|A year round comparative study on the population structures of pelagic Ostracoda in Admiralty Bay (Southern Ocean)|Blachowiak-Samolyk, K.; Angel, M.V. (2007). A year round comparative study on the population structures of pelagic Ostracoda in Admiralty Bay (Southern Ocean). Hydrobiologia 585: 67-77. dx.doi.org/10.1007/s10750-007-0629-2
In: Hydrobiologia. Springer: The Hague. ISSN 0018-8158; e-ISSN 1573-5117, meer
Antarctica; Admiralty Bay; pelagic Ostracoda; halocyprids; life cycle;
|Auteurs|| || Top |
- Blachowiak-Samolyk, K.
- Angel, M.V.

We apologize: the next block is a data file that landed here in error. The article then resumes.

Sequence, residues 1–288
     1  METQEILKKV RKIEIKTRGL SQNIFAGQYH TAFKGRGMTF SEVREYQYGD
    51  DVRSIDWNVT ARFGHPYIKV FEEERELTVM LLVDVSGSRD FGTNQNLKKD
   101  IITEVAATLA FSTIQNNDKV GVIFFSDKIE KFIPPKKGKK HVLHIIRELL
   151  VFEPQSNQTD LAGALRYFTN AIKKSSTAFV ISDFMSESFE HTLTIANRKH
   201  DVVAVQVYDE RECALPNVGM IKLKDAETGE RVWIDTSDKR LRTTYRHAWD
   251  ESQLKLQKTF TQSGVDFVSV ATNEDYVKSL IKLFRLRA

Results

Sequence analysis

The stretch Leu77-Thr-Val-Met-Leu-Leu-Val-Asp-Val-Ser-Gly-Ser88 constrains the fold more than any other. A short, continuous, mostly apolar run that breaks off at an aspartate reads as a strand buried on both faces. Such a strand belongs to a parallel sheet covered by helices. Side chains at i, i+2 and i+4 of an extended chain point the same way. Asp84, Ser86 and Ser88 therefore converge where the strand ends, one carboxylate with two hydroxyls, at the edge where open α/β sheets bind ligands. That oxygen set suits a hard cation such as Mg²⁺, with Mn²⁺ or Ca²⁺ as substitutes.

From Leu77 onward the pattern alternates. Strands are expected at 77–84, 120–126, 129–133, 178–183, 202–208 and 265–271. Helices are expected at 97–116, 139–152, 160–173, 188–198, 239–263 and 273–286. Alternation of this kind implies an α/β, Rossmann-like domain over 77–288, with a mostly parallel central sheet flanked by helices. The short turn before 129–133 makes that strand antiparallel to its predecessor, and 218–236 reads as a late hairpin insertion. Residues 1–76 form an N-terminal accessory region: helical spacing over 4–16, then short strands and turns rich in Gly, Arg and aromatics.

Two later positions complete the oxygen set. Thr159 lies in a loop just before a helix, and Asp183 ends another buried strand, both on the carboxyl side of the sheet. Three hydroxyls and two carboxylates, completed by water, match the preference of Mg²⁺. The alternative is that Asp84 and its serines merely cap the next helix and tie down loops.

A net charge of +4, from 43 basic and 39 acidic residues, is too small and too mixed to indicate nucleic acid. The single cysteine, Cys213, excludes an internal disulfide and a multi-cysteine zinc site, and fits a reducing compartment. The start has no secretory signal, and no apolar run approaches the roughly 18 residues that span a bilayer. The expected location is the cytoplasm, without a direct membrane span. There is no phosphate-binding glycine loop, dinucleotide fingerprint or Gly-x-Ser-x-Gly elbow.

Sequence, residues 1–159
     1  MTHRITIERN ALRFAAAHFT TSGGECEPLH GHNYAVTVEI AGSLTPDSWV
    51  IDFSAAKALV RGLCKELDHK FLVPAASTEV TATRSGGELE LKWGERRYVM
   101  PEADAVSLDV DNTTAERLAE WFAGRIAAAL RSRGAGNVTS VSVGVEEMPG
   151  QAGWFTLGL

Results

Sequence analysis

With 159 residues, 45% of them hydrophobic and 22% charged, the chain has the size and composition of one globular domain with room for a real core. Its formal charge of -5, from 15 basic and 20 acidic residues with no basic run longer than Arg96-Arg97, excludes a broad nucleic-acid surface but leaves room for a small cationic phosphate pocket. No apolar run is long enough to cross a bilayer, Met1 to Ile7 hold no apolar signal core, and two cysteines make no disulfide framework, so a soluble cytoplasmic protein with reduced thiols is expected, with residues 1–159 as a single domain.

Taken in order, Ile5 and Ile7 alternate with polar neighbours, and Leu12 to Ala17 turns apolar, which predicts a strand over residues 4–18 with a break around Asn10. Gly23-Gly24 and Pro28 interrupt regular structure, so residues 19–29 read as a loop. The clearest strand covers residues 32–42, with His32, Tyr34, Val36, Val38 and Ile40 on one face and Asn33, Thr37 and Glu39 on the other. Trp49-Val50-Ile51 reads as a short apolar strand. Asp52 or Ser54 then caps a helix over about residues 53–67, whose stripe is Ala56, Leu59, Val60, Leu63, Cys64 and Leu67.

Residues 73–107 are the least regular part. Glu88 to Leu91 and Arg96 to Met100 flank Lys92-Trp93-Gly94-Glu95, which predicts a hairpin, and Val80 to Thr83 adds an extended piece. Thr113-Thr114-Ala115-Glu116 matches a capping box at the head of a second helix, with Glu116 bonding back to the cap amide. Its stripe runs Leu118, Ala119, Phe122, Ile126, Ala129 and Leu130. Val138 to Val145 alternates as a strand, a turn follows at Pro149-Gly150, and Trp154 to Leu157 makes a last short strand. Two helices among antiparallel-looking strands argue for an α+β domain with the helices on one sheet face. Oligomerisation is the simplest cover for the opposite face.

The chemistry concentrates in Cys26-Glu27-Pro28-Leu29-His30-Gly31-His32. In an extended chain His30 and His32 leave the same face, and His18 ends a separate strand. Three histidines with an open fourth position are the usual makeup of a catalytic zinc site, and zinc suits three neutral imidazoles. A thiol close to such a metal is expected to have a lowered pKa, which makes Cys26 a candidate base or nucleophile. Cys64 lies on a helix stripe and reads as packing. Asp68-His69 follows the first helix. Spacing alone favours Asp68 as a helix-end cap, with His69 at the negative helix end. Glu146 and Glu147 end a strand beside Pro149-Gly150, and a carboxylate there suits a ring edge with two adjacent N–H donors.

The population structures of the three dominant planktonic halocyprid Ostracoda species in Admiralty Bay (King George Island, Antarctic Peninsula) were followed throughout the course of a year in zooplankton samples collected once every three weeks from February 1993 to January 1994. The sampling was conducted at two stations: A in the central part of Admiralty Bay (400-0 m) and B in the entrance to the Bay from the Bransfield Strait (400-0 m). The samples were taken using a WP-2 net (square mouth opening of 0.196 m2 and 200 µm mesh) hauled vertically from the bottom to the surface. Changes in the age structures of the populations of three species Alacia belgicae, Alacia hettacra and Metaconchoecia isocheira were tracked. Their population structures differed. The changes in A. belgicae suggested that it reproduces year-round, whereas both A. hettacra and M. isocheira probably complete their life cycles within a year. The cycle in A. hettacra probably starts earlier in the year than that of M. isocheira. Populations of A. belgicae and M. isocheira were more advanced in their development at station A, than at station B, but A. hettacra was more advanced at the latter. Advection appears to play a role in maintaining the populations in the shelf waters. Comparisons between populations in the shelf area (Admiralty Bay) and in open ocean waters (Croker Passage) show that the M. isocheira population is older in shelf water whereas the age structure of A. belgicae population is not influenced by the locality.